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AJONYE & ORS v. APC & ANOR (2021)LCN/15174(CA)


On Thursday, June 03, 2021


Before Our Lordships:

Ignatius Igwe Agube – Justice of the Court of Appeal

Cordelia Ifeoma Jombo-Ofo – Justice of the Court of Appeal

Yargata Byenchit Nimpar  – Justice of the Court of Appeal


  2. S.O. OKPALE, ESQ – Appellants)



  1. HON. JOHNSON BABA ODEH – Respondent(s)


A.O. ATUBU  – For Appellant(s)



and A.A. OSENI     –     For 1st Respondent)

M.M. NGORNGOR – For 2nd Respondent)   – For Respondent(s)

YARGATA BYENCHIT NIMPAR, J.C.A. (Delivering The Leading Judgment):

This Appeal is against the decision of the High Court of Benue State sitting in Makurdi delivered by HON. JUSTICE S. O. ITODO on the 31st July, 2019 wherein the lower Court dismissed the claim of the Appellants. The Appellants dissatisfied with the decision, filed a Notice of Appeal dated 9th September, 2019 setting out 8 grounds of Appeal.

The matter went to full trial. The Appellants called the following witnesses: PW1: OMALE MIKE AND PW2: ATUBU AUSTIN and the Appellants tendered the following Exhibits:

  1. EXHIBIT 1: Letter dated 02/12/15 demanding for payment of balance of Professional Charges
  2. EXHIBIT 2: Letter dated 02/12/15 Bill of Professional Charges
  3. EXHIBIT 3: Letter dated 19/08/15 Re: Bill of Professional Charges
  4. EXHIBIT 4: Letter dated 9/12/15 Re: demanding for payment of balance of Professional Charges
  5. EXHIBIT 5: Letter dated 31/12/15 Re: Bill of Professional Charges
  6. EXHIBIT 6: Certified True Copy of Judgment with Petition No.: EPT/BEN/HR/14/2015
  7. EXHIBIT 7: The receipt issued by Sauma Suites Hotels of Mararaba, Nasarawa State

The 1st Respondent’s Brief settled by SHUAIBU ENEHOH ARUWA, ESQ., dated on the 18th March, 2020 and filed on the 19th March, 2020 but deemed on the 17th day of November, 2020. It formulated 1 issue for determination thus:

Whether in view of the evidence led at the trial Court by the Appellants, the trial Court was right to have held that there was no foundation to sustain the claim of the Appellant as contained in the Writ of summons.

The 2nd Respondent’s Brief settled by A. A. ONOJA, ESQ., dated on the 26th March, 2020 and filed on the 3rd April, 2020 but deemed on the 17th day of November, 2020. He condensed the three issues formulated by the Appellants into 1 issue for determination thus:

Whether in the light of the pleadings, the evidence adduced at the trial, with particular reference to Exhibit 1, 2 and 3 admitted without objection, and by which evidence, in the light of the fact that the Respondents did not adduce evidence in support of their defence, the Court below held to the effect that the claims/case of the Appellants was admitted and need no further proof… the Court ordinarily should encounter no obstacle or difficulty in finding in favour of the claim of the Appellants, the trial Court was right in dismissing the case of the Appellants”.

Thereafter, the Appellants filed a Reply brief to the 1st Respondent’s Brief of Argument dated 30th March, 2020 and filed on the 3rd April, 2020. The Appellants also filed a Reply to the 2nd Respondent’s Brief of Argument dated 28th April, 2020 and filed on the 4th May, 2020.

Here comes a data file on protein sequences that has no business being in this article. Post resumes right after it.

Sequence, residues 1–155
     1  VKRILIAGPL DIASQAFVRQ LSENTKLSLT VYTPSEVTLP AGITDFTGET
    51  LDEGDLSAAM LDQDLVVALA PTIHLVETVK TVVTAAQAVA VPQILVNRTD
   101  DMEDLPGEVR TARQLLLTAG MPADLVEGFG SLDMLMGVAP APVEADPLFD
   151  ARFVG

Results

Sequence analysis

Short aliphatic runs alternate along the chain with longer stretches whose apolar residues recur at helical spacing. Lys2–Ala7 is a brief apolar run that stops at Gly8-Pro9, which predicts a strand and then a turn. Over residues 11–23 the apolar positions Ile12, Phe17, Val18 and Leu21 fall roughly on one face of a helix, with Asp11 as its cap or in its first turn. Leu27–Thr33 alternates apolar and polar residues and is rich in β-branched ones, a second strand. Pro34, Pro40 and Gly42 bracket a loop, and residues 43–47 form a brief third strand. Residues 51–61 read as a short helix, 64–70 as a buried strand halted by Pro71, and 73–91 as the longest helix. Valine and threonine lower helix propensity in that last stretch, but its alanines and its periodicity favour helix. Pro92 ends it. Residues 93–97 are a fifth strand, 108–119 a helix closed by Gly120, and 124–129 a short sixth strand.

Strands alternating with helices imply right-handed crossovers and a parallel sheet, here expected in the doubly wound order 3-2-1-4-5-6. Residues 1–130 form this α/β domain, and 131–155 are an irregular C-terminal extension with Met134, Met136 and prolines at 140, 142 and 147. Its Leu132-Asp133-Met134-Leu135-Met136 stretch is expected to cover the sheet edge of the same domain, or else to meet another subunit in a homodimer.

The 1st Respondent in arguing its sole issue avers that he who asserts must prove and the burden of proof as provided by Section 133 of the Evidence Act, 2011 is on the party who will fail if no evidence is given on either side, citing OYOVBIARE V. OMAMURHOMU (1999) 10 NWLR (PT. 621) 23. Continuing, the 1st Respondent restated extensively the principle of proving civil cases before the trial Court and the principle of law that a party must not rely on the weakness of his opponent in order to succeed as encapsulated in AGBI V. OGBEH (2006) 11 NWLR (PT. 990) 65 (SC); ALH. OTARU & SONS LTD. V. IDRIS (1999) 6 NWLR (PT. 606) 330; ATANE V. AMU (1970) 10 SC; IMAM V. SHERIFF (2005) 5 NWLR (PT. 914) 80. The 1st Respondent reproduced the claim of the Appellants at the lower Court which is contained at page 6 of the Record of Appeal to submit that the law regulating an action for recovery of professional fees such as the one instituted by the Appellants before the trial Court is the Legal Practitioners Act, especially Section 16(2) of the Act which provides for the Trinitarian precondition which must be satisfied by the party seeking to recover his professional fees and they are: (i) Preparing a Bill of Charges; (ii) Serving his client with the said bill of charges; and (iii) Allowing a period of one month from the date of such service before instituting a case in Court as held in OYEKANMI V. NEPA (2000) NWLR (PT. 690) 414 and REBOLD INDUSTRIES LTD V. MAGREOLA & ORS (2015) LPELR-24612 (SC). Continuing, the 1st Respondent submits that in satisfying the first condition, the party preparing the Bill of Charges must ensure that he particularized each item on the bill which form the total sum of the fees as held by the Supreme Court in S.B.N V. OPANUBI (2004) LPELR-3023; OYEKANMI V. NEPA (SUPRA) and the Court of Appeal in AKINGBEHIN V. THOMPSON (2008) 6 NWLR (PT. 1083) 270. The 1st Respondent avers that the Appellant tendered Exhibit P1-P3 which is the purported Bill of Charges in proving of the amount the Respondents are allegedly indebted to them, however, Exhibit P1-P3 was revealed to have fallen short of the requirements enunciated by the Supreme Court in S.B.N V. OPANUBI (SUPRA) and the Court of Appeal in AZUASONOGO V. BENUE STATE GOVERNMENT (2019) LPELR-47270(CA).